"The underlying theoretical proposition for buy-and-hold investing, which is the idea that stocks outperform bonds and cash over long periods of time because markets are efficient ... all of that has been disproved. Markets have shown that they aren't efficient, investors aren't rational, and ... when you buy stocks that have become expensive, you have minimum hope of achieving expected average returns."
Today's investors can no longer afford to put large sums of money into expensive assets, he says. This environment calls for tactical money management, especially if we are in the cyclical, long-term bear market that Solow fears has already begun.
At the core of his money management strategy is tactical asset allocation, one of many types of active management strategies. This one involves a diversified portfolio that includes multiple asset classes with percentage weightings that change as the market moves or as the perception of the market's risk changes. This portfolio can change from day to day, and what it consists of one week may not be what it consists of the next.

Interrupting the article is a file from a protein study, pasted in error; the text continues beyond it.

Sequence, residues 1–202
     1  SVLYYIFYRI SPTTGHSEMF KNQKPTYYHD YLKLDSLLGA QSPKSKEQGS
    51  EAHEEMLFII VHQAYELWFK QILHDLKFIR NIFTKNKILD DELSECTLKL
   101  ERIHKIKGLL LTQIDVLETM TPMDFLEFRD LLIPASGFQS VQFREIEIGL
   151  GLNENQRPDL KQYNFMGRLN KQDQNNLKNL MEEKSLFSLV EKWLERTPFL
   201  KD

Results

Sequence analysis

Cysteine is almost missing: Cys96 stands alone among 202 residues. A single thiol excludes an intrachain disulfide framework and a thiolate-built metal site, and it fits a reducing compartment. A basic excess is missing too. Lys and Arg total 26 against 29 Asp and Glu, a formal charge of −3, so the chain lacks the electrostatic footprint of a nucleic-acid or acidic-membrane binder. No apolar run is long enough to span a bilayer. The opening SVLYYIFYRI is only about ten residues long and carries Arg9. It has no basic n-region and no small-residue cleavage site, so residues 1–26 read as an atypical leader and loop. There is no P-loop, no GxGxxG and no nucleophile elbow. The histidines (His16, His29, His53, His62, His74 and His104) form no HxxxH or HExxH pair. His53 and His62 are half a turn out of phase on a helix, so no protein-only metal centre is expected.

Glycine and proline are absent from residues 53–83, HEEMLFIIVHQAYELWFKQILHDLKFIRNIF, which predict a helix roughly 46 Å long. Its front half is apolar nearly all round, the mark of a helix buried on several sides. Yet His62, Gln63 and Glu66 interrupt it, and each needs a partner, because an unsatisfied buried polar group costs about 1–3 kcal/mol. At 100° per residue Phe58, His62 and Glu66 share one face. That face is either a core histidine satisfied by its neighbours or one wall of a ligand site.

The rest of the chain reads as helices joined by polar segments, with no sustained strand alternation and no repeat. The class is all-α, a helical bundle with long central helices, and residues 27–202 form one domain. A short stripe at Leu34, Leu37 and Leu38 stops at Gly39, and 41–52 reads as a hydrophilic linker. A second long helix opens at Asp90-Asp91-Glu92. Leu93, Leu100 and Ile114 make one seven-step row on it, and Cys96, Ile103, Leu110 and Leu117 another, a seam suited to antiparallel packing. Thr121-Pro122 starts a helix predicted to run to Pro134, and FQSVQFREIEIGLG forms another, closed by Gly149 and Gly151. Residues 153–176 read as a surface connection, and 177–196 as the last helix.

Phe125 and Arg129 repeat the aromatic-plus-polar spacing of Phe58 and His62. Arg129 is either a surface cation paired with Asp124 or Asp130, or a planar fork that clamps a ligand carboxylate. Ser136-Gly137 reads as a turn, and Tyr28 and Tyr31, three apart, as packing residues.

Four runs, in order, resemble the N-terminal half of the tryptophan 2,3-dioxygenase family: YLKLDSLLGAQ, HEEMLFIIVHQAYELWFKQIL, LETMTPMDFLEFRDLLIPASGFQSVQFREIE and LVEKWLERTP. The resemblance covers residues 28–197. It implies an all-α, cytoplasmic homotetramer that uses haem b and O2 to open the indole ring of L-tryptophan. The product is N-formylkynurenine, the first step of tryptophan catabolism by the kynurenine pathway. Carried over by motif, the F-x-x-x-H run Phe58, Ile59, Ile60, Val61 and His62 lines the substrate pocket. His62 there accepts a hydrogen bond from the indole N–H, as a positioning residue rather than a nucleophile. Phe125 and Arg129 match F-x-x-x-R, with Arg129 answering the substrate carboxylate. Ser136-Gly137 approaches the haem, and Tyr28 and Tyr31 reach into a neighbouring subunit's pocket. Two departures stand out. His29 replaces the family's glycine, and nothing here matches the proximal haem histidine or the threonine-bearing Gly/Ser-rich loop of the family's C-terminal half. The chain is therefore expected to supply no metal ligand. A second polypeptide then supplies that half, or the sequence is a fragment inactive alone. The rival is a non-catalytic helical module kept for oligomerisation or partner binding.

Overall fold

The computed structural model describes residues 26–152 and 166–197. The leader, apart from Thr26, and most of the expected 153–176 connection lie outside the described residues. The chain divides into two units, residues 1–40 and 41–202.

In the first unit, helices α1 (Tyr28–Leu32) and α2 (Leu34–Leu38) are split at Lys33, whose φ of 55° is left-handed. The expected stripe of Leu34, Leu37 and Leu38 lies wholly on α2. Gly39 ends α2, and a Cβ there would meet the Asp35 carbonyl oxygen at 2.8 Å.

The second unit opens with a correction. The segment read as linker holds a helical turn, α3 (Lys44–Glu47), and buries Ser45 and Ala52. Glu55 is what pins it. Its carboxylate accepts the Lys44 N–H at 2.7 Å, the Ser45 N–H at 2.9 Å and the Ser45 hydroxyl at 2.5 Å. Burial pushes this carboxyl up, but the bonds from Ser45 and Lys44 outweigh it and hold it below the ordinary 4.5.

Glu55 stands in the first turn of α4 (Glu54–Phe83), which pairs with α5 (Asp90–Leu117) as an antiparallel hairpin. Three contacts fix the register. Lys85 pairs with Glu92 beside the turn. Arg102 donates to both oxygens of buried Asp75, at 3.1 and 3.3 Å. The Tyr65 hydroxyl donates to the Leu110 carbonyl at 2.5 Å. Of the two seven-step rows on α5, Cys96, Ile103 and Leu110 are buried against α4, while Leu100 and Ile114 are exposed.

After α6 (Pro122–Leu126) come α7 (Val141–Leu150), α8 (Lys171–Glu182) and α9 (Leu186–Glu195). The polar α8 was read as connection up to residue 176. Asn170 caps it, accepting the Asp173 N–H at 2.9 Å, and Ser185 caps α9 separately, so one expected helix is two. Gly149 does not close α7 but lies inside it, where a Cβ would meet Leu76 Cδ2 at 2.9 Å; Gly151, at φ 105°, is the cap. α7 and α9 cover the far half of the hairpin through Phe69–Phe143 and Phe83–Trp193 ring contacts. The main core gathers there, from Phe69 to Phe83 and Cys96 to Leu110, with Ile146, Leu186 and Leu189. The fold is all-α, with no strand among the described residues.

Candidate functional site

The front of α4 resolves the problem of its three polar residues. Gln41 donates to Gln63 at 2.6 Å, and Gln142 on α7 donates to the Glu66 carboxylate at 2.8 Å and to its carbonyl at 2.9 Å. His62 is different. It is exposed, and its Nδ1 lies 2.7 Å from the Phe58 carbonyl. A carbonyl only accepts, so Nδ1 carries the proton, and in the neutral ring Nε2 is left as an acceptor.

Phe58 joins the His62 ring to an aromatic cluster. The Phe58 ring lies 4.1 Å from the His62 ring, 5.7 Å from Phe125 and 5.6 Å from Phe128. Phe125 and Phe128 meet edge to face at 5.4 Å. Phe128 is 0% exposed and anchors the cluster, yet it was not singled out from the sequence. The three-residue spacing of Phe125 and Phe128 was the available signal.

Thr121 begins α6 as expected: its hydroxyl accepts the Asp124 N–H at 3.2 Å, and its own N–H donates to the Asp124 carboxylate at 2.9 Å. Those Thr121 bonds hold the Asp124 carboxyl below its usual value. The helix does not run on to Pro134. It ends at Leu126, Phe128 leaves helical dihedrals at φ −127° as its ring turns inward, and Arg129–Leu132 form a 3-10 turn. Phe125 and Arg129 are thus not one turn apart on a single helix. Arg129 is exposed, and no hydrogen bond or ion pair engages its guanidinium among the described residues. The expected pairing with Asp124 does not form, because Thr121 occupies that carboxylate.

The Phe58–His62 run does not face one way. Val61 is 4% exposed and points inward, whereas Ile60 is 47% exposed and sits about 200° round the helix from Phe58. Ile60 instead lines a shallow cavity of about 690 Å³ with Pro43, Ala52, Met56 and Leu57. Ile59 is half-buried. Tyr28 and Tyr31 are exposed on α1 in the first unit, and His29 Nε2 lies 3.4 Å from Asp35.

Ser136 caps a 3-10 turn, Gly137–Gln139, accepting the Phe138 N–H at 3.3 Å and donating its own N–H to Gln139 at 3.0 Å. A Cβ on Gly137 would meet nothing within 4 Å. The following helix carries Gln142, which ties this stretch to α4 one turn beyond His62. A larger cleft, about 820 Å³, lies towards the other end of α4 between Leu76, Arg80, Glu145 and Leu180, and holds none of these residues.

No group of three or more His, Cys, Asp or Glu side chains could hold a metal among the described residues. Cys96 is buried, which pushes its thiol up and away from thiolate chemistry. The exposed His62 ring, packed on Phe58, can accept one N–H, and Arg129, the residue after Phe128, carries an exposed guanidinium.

"Asset classes are evaluated to ensure that the portfolio is diversified and then they're assessed for their relative risk. ... If the risk is lower in one asset class than another, we might add to the lower-risk asset classes and take profits out of the higher-risk ones ... to tactically manage risk," he says.
Portfolio assets, Solow says, should change as market valuations change, the market cycle changes, or investor technicals and momentum change.
Unfortunately, finding a qualified investment manager who understands and successfully practices tactical asset allocation is not easy. Morningstar doesn't have a category for tactical asset allocation funds, so there's no way to evaluate how they perform relative to their peers.